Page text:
National Security Law and Policy Seminar

Lisa Monaco and Andrew Weissmann

Tuesdays, 4:00-5:50pm

This seminar will focus on the formation of national security law and national security policy, and the dynamic interactions between those two areas. We will analyze the relationships among the three branches, the different institutional actors within the executive branch, and the interaction between U.S. national security agencies and their counterparts abroad. Specific topics will include intelligence, counterterrorism, and the role of the courts in national security, and cybersecurity, among others. In an era in which the United States seems to be asking fundamental questions about its role in the world, we will surface and examine some of the core assumptions animating U.S. national security law and policy in the post-World War II era.

The National Security Executive, the Courts, and the Constitution

David Golove

Tuesdays, 2:00-3:15pm; Thursdays 1:00-2:15pm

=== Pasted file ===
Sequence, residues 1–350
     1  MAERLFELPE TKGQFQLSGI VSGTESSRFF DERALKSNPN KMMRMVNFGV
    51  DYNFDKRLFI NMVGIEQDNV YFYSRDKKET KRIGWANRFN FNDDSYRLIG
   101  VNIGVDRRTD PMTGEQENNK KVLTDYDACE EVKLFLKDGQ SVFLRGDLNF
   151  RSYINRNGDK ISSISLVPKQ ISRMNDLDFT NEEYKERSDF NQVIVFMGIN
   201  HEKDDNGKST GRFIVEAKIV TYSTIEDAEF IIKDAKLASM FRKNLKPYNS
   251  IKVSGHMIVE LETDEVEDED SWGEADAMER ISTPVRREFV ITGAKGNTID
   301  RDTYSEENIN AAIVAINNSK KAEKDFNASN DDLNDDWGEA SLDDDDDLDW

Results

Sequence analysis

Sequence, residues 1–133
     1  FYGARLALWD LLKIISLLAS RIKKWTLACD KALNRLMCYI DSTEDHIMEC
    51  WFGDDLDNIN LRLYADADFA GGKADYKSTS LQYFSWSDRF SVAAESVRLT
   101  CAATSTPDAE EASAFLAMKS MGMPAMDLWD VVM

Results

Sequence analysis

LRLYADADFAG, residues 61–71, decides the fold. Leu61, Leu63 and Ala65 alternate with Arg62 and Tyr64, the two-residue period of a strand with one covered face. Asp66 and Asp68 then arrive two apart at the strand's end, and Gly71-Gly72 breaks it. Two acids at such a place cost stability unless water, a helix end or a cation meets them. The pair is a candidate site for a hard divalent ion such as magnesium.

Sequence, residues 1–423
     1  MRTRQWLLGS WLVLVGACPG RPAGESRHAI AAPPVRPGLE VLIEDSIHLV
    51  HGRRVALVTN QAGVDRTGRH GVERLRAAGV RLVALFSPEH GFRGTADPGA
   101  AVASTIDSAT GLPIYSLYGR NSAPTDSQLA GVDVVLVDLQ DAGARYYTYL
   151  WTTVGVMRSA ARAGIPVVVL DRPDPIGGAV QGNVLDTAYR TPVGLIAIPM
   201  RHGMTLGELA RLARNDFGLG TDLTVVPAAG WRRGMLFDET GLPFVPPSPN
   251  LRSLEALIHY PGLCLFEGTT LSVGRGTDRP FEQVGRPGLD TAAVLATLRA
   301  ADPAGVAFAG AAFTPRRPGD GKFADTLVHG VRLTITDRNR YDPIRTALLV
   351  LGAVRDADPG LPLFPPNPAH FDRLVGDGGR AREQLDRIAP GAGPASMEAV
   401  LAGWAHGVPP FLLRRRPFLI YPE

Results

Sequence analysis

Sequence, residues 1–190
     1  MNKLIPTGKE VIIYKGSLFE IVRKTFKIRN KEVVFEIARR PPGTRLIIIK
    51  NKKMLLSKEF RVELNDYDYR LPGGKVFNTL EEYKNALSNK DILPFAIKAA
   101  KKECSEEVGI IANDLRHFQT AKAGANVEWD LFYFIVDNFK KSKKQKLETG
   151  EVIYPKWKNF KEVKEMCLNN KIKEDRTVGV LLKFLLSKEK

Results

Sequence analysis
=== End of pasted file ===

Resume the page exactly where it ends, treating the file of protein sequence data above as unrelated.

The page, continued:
This class will focus on constitutional issues surrounding the conduct of foreign affairs, war, presidential vs. congressional powers, and the role of the courts in national security. Few areas of constitutional law have been so persistently controversial, including and even especially in recent decades, and in few have the major issues remained unsettled despite seemingly endless debates through the whole course of U.S. history. We will begin the class with an historical excursion, examining how these issues were understood and debated at three crucial junctures in U.S. history, the Founding, the Civil War and World War II, the precedents from which still figure centrally in constitutional debates and court decisions. We will then turn to the present post-September 11, and now the Trump, era and examine a range of critical issues: The treaty power and executive agreements, including so-called non-binding agreements like the Iran Nuclear Deal and the Paris Climate Change Agreement; the President’s power to terminate treaties; the self-executing treaty doctrine; the role of customary international law in the U.S. constitutional order; the power of the President to initiate military hostilities; presidential and congressional powers in the conduct of war, including the power of military detention and trial, intelligence gathering, the use of coercive interrogation, and domestic surveillance; executive privilege; the law pertaining to national emergencies; and the role of the courts in war and foreign affairs.